THE FHA IS WORKING on some changes to the way it approaches large loans for new construction.
While nothing is set in stone yet, the agency is getting ready to toughen up the underwriting terms on any Sec. 221(d)(4) deal of $50 million or more. It's concerned with the threat posed to its portfolio by such large loans, especially since the agency is on the hook all by itself. Unlike Fannie Mae, the FHA has no risksharing requirements for its lenders.
“We've definitely seen much larger loan sizes, and that's a new phenomenon for FHA,” said Carol Galante, HUD's multifamily chief, in an interview last month. “We've got something like 80 projects in our pipeline that are over $50 million, and five over $100 million."
The underwriting changes for large loans would be tiered so that anything over $50 million would require a minimum 1.25x debt service coverage ratio (DSCR) and an 80 percent maximum loan to cost (LTC). For deals of $75 million or more, the DSCR would bump up to 1.35x and the LTC ceiling would drop to 75 percent.
The FHA would also bolster operating deficit reserve and working capital escrow requirements and may also layer in some new liquidity requirements. The agency hopes to have a notice out to the industry some time in the next month.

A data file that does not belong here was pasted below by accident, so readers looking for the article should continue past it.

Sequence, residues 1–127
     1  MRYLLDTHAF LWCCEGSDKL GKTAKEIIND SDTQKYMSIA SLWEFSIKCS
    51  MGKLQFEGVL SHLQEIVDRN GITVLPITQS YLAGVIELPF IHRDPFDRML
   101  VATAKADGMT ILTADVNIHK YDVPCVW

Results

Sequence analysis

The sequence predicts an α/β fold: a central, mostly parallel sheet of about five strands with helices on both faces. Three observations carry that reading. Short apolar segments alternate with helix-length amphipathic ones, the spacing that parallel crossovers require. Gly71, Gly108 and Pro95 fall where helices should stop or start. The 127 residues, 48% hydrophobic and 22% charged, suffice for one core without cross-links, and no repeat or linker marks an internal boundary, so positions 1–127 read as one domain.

“It's somewhat of a push-back," says Mark Beisler, CEO of Columbus, Ohio–based FHA lender Red Mortgage Capital. “And it goes back to the issue that the lenders have no skin in the game."
Red Mortgage Capital recently closed a $125 million Sec. 221(d)(4) loan for the 544-unit Shores, a community to be built in Marina Del Rey, Calif. The loan—the largest currently active (d)(4) in the country—had an LTC of 89.9 percent because it was submitted before the agency changed its underwriting standards in September of last year, when HUD instituted LTCs of 83.3 percent, and DSCRs of 1.20x, for any market-rate (d)(4) deal, regardless of size.
These incremental changes point to the need for greater participation from the private sector. “What HUD ought to do, instead of bickering around the edges, is go into the heart of it and make lenders responsible, make them take a first-loss position like Fannie Mae does,” says David Goodman, chairman of Red Mortgage Capital. “What they need is a co-insurance program that's got teeth in it.”